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Customise a hollow core door with glass panel

I have done quite a few projects that look at how to dress up a plain hollow core door. These doors are bargains and you can pick them up for about R300 at your local Builders. Sometimes even cheaper than that if they are on special. But they are also pretty boring. I'm going to show you another way to dress up a standard hollow core door by cutting and fitting a frosted glass panel into the door.


I have a double-storey house and the passage on the lower level that connects all the bedrooms and the bathroom is dark, as there are no windows and no place to fit windows. After thinking through various options I finally decided to fit a glass panel to a standard hollow core door, and that would let in lots of natural light. The glass will be sprayed with Rust-Oleum Frosted Glass spray, so privacy won't be a problem.

1. Your standard hollow core doors are longer than the height of the door and you will need to cut away a section at the bottom of the door to fit. To do this, measure the height of the existing door and transfer this onto the new door. I am cutting away a section at the bottom using a circular saw.

Since it's only a small section the guide won't work, so ensure I cut a straight line I clamp a steel ruler as a guide. Make sure that the blade of the saw is in perfect alignment for cutting off the correct amount. You don't  want a huge gap at the bottom of the door.

2. The cheaper hollow core doors don't have as much timber support at the bottom, as would a more expensive door. When you cut away the bottom of the door you are left with cardboard supports. But to fix this problem you only need a length of 32 x 32mm PAR pine.

3. Cut the 32 x 32mm pine to fit snugly into the gap at the bottom of the door and use a hammer to tap this into position.

4. Squeeze in some Ponal wood glue between the pine and the door frame. Ponal is best because it has a runny consistency and a small nozzle that allows you to get into a small gap easily.

5. Wipe away any excess glue that oozes out before it has chance to dry. 

It's essential to clamp the bottom of the door until the glue has dried.

6. I measured in 200mm from the top, bottom and side edges on both sides of the door. This is where the glass panel will be fitted.

7.  I used my Dremel DSM20 to do this. You can use a Jigsaw if you don't have a DSM20, but only use a laminate cutting blade to avoid ripping the edges of the board. Line up the cutting blade with your mark and then clamp a straightedge or steel rule at the top and bottom to act as a guide for cutting a straight line. 

Using the Dremel DSM20 was quick and easy to door, and after finishing one side the door was turned over to do the other side. 

As with the bottom of the door, the inside is filled with cardboard supports. This doesn't give the door much strength and will need additional supports added.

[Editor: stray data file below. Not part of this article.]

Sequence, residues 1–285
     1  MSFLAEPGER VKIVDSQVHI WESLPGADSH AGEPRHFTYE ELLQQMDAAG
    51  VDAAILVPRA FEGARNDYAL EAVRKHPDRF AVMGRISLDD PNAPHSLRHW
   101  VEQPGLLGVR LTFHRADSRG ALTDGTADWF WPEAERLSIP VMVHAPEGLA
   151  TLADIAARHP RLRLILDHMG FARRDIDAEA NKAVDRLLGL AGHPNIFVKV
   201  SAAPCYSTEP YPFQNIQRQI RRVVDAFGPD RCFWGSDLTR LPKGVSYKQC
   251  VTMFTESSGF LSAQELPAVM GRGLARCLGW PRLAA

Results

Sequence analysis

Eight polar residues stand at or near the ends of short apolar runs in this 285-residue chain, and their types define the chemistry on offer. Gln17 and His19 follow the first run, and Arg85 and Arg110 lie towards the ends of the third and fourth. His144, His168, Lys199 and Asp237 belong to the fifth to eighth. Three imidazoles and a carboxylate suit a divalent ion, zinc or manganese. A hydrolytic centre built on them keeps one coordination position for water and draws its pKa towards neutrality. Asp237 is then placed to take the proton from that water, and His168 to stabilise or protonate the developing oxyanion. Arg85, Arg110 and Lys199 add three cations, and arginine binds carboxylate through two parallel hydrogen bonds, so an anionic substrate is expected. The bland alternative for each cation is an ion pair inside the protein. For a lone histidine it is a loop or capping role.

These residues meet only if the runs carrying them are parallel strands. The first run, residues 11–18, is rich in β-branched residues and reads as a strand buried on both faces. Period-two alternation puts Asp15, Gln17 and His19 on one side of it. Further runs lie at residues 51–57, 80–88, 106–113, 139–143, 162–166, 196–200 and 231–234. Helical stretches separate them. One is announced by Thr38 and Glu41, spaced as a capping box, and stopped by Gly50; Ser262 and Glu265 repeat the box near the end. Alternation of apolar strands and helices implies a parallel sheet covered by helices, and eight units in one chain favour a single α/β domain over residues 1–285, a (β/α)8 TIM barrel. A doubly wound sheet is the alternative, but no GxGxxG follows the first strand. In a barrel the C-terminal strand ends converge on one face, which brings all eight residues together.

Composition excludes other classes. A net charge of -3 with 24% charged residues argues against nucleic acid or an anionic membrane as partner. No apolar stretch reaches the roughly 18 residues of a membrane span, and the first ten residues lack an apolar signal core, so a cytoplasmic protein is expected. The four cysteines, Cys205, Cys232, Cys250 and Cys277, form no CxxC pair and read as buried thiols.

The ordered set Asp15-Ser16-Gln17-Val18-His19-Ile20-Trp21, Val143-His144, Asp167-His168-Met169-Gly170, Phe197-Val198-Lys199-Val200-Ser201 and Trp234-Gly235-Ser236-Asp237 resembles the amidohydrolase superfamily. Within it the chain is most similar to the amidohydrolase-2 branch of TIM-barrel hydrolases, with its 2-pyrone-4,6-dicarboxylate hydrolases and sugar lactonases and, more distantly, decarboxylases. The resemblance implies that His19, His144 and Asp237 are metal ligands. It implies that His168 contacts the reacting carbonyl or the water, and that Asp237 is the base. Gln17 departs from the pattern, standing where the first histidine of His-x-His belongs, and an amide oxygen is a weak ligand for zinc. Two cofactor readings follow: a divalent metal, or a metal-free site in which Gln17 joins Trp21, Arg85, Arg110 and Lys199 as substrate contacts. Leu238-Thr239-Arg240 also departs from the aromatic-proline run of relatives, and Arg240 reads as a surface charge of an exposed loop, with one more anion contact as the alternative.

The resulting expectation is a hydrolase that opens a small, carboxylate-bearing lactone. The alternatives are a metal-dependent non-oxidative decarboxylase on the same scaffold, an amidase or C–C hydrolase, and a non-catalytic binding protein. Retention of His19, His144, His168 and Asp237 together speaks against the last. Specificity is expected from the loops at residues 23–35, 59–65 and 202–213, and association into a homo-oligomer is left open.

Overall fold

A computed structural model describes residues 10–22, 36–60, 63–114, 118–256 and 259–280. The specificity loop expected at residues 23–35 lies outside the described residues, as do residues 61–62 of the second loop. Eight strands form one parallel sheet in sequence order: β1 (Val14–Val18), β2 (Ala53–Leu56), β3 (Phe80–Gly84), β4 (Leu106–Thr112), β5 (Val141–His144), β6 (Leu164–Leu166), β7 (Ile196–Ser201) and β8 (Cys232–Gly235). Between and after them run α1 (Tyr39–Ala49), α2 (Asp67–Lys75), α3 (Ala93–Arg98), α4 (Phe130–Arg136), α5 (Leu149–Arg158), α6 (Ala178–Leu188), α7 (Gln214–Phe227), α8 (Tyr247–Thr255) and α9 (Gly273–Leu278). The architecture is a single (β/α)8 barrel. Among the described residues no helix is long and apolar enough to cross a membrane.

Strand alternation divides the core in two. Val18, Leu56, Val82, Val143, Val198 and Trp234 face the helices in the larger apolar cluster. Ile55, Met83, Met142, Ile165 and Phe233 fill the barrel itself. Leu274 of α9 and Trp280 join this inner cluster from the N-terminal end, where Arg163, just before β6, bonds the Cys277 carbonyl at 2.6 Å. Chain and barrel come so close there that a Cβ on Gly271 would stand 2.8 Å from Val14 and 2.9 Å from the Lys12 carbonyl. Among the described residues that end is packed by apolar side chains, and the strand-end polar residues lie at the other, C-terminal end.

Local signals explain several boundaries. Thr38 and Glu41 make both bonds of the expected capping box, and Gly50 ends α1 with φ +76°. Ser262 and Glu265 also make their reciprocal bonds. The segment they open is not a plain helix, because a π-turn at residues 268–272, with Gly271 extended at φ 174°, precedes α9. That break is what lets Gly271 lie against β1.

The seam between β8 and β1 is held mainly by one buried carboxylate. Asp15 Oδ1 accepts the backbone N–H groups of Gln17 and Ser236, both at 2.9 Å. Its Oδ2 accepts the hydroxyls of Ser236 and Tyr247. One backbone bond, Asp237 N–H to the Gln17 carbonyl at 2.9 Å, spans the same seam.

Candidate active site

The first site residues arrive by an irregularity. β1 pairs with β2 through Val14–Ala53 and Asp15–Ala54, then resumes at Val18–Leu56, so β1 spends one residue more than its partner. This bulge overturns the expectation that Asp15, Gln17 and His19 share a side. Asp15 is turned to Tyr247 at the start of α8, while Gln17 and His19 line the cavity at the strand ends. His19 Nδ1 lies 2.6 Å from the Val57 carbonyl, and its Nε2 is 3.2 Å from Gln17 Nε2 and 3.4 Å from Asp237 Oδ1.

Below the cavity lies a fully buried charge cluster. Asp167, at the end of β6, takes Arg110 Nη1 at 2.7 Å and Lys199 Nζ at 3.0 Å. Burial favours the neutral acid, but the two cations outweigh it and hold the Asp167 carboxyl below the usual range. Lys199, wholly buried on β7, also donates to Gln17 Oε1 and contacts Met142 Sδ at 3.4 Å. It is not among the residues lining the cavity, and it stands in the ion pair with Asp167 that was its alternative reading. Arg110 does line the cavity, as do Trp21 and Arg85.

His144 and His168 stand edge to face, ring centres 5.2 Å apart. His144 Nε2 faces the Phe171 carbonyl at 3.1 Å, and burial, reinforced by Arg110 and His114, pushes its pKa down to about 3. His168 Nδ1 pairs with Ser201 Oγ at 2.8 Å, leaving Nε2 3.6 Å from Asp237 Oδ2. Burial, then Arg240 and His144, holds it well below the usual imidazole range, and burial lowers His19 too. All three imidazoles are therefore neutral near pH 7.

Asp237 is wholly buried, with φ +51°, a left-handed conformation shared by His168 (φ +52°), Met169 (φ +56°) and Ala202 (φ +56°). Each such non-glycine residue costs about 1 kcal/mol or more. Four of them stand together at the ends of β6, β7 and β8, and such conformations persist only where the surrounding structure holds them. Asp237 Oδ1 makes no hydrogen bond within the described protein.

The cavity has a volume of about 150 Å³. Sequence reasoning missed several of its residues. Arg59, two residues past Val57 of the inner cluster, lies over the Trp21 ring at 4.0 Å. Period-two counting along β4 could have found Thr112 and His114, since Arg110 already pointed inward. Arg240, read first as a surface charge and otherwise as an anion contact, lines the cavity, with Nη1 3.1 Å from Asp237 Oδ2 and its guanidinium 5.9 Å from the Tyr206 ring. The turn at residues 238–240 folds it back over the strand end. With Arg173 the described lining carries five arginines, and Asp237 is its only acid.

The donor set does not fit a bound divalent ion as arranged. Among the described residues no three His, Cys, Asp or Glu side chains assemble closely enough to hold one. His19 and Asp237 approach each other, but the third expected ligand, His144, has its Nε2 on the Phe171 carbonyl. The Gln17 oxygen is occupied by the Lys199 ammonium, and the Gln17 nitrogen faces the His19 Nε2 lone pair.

8. For the bottom of the door and the centre frame I used a total of two 32 x32 x 1800mm lengths of pine. I cut pieces to fit inside the frame at the top and bottom, and to butt up against the corners down both sides.

9. Since I will be adding a frame around the centre opening, I used my Bosch Tacker to secure the frame to the pine supports. Any staples will be hidden out of sight by the framing. 

10. The frame consists of 3mm supawood that is 40mm wide and cut to length to fit the top, bottom and sides. These pieces were glued in place using Pattex No More Nails adhesive. If there are any gaps where there is no pine support it's important to apply glue along the panel edges.

Clamp the panels in place for about an hour.

11. To cover up the staples and add a decorative frame, more 3mm x 40mm strips were glued around the outside of the frame on the front and back of the door using Pattex No More Nails adhesive. 

12. To finish off the decorative effect, pine moulding was cut to fit around the outside edge of the frame. The corners were cut at a 45-degree angle to give a nice professional touch.

13. Although the moulding was glued down, the strips were slightly warped and I needed to add a few panel pins along the length.

14. To hold the glass panel in place, a frame was glued inside the cut out using 12mm quarter-rounds.

15. The door was sprayed using my Bosch PFS spray system and three coats of Plascon Polvin, finishing off with two coats of clear acrylic sealer. I used this because I already had some paint leftover, but you can substitute with Plascon Double Velvet, or roll on Plascon Velvaglo water-based enamel paint.

16. Because I don't want to be able to see through the glass panel, 3 coats of Rust-Oleum Frosted Glass spray - sea glass - were sprayed on one side of the glass panel.

If you are worried about safety, you have the option to use safety glass for this project, or to replace the frosted glass spray with a layer of transparent, self-adhesive vinyl that you can buy at your local Builders store or get in touch with to find a local stockist.

17. The glass was gently placed in the opening and a few small panel pins hammered in around the back to ensure that the glass was firmly placed.

To avoid scratching the glass with your hammer, pop a piece of paper on top of the glass where you hammer and slightly angle the pins to make it easier to hammer them in.

18. To finish off I used Pattex Sanitary Silicone - white - and a Pattex profiler to seal around the edge of the glass panel.

I love the new door, and the passage is so much lighter and brighter during the day.


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